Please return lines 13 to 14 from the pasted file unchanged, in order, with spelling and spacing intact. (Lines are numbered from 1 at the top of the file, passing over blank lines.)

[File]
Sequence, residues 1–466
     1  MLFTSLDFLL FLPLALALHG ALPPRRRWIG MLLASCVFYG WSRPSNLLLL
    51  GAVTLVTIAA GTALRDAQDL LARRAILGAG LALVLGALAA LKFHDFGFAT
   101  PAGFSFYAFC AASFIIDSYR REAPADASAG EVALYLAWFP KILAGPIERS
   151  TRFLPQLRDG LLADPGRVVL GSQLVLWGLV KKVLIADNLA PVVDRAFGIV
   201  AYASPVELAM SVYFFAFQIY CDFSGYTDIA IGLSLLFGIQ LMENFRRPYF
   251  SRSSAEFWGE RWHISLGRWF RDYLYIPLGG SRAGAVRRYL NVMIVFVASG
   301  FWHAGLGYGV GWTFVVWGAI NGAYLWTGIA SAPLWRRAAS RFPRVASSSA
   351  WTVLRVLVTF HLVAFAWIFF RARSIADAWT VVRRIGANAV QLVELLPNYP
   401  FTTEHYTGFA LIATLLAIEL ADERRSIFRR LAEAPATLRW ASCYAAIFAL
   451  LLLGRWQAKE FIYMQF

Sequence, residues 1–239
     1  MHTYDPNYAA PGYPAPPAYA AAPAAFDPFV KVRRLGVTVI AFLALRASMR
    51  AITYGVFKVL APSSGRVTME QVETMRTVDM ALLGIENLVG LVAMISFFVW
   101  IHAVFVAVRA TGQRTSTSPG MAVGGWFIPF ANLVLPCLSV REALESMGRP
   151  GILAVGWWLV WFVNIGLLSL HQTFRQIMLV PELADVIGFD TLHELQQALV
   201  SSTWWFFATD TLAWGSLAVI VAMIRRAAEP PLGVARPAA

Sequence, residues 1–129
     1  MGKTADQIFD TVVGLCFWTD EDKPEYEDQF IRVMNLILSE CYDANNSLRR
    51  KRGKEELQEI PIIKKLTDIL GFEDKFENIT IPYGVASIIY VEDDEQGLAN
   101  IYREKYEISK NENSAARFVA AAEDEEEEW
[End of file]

     1  MHTYDPNYAA PGYPAPPAYA AAPAAFDPFV KVRRLGVTVI AFLALRASMR
    51  AITYGVFKVL APSSGRVTME QVETMRTVDM ALLGIENLVG LVAMISFFVW